FALSE: Panelo's claim that China's environmental damage not in Hague ruling
Claim: Presidential Spokesperson Salvador Panelo initially claimed that the Hague ruling won by the Philippines against China makes no mention of environmental destruction by China in the West Philippine Sea.
Told by a reporter that the historic 2016 ruling calls on China to account for the environmental damage caused by its island-building activities, Panelo responded: "No, the arbitral ruling is that atin 'yun. Hindi sinasabi may destruction. Wala akong nabasa na may destruction."
(No, the arbitral ruling says, that is ours. It doesn't say there was destruction. I did not read anything about destruction.)
This exchange took place on Tuesday, April 2, during a Malacañang news briefing.
Panelo was being asked if the Duterte administration agrees with China Ambassador Zhao Jianhua that the claims in a complaint filed against Chinese President Xi Jinping before the International Criminal Court are "fabrications." Among the charges against Xi is environmental destruction by China in the West Philippine Sea.
Aside from being spokesman, Panelo is chief presidential legal counsel, which makes him President Rodrigo Duterte's legal adviser.
The Hague ruling is an important legal victory won by the Philippines in an international court and which Duterte himself recognizes as his "ace" against China when it comes to the West Philippine Sea dispute.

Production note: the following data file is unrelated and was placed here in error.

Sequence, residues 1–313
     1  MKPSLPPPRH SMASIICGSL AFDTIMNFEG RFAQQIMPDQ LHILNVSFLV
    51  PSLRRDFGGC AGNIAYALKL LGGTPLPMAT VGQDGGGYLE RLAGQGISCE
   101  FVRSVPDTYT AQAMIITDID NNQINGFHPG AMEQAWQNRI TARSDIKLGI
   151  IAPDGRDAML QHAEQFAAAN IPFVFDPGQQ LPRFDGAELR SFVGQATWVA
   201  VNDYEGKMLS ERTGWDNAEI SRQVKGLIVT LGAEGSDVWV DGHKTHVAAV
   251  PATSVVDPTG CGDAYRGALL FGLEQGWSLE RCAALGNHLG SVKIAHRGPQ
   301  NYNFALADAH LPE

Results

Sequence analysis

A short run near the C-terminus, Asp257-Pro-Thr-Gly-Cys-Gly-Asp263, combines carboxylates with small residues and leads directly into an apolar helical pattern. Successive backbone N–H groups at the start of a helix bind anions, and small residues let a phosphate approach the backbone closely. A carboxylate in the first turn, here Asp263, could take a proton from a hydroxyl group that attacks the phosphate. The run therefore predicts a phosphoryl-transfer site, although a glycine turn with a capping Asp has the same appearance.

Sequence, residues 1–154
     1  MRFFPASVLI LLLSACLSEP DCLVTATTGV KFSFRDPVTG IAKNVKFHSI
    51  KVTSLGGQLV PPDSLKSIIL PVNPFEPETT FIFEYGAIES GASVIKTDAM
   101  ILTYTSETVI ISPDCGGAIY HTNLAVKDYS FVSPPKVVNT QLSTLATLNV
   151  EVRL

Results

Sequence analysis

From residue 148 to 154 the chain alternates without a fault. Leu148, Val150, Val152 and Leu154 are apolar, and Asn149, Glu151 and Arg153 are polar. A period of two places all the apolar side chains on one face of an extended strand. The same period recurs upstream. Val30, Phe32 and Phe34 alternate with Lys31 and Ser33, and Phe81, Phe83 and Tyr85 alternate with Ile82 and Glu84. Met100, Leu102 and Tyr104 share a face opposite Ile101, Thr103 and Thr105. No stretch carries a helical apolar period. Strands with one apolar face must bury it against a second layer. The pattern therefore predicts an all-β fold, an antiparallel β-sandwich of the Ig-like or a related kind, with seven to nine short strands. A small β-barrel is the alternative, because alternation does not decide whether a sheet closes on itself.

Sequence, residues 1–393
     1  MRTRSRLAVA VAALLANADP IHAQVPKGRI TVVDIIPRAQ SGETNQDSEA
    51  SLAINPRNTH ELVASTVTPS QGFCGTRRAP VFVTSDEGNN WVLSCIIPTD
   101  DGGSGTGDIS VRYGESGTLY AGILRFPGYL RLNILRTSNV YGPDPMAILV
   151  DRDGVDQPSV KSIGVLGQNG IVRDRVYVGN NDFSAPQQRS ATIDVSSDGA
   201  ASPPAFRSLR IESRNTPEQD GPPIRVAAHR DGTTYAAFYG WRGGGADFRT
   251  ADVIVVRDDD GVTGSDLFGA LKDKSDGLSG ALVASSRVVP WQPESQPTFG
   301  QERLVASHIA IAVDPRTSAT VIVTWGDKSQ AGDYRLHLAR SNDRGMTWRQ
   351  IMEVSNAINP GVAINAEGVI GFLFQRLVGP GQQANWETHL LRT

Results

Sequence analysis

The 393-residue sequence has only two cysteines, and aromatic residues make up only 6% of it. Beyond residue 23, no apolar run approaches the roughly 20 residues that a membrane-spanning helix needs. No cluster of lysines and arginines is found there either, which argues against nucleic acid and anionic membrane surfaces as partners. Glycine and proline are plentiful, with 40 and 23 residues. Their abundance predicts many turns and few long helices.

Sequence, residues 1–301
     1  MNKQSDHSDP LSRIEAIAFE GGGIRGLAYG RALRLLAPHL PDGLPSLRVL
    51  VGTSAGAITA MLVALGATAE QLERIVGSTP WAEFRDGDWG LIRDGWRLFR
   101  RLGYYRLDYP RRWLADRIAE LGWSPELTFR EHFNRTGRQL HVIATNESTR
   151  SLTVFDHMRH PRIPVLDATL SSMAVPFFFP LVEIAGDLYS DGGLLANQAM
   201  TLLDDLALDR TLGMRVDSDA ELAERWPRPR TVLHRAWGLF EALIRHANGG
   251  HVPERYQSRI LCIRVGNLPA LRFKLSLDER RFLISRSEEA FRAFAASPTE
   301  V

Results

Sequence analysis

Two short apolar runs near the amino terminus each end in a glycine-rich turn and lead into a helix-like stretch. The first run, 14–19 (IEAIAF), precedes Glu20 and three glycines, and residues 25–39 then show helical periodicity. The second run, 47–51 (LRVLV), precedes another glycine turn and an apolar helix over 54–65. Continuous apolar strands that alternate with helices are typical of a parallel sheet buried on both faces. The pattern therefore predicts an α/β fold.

Panelo had to be informed by GMA News reporter Joseph Morong of the specific lines in the 501-page Hague decision that mention China's destruction of the environment. Even then, the spokesman was not willing to say for certain that the lines read were indeed from the ruling.
"If that is the arbitral ruling, certainly that favors us," he said.
Based on the lines read out by Morong, Panelo then said he does not share Zhao's belief that China's environmental destruction is a lie.
"If it refers to that then certainly I don't believe in that," he said.
The facts: The Hague ruling does mention China's environmental destruction in the West Philippine Sea.
The historic document, dated July 12, 2016, even has a portion dedicated to "Harm on marine environment."
It says there that China "caused severe harm to the coral reef environment and violated its obligation to preserve and protect fragile ecosystems."
This is what that entire portion says:
The Tribunal considered the effect on the marine environment of China's recent large-scale land reclamation and construction of artificial islands at seven features in the Spratly Islands and found that China had caused severe harm to the coral reef environment and violated its obligation to preserve and protect fragile ecosystems and the habitat of depleted, threatened, or endangered species. The Tribunal also found that Chinese authorities were aware that Chinese fishermen have harvested endangered sea turtles, coral, and giant clams on a substantial scale in the South China Sea (using methods that inflict severe damage on the coral reef environment) and had not fulfilled their obligations to stop such activities.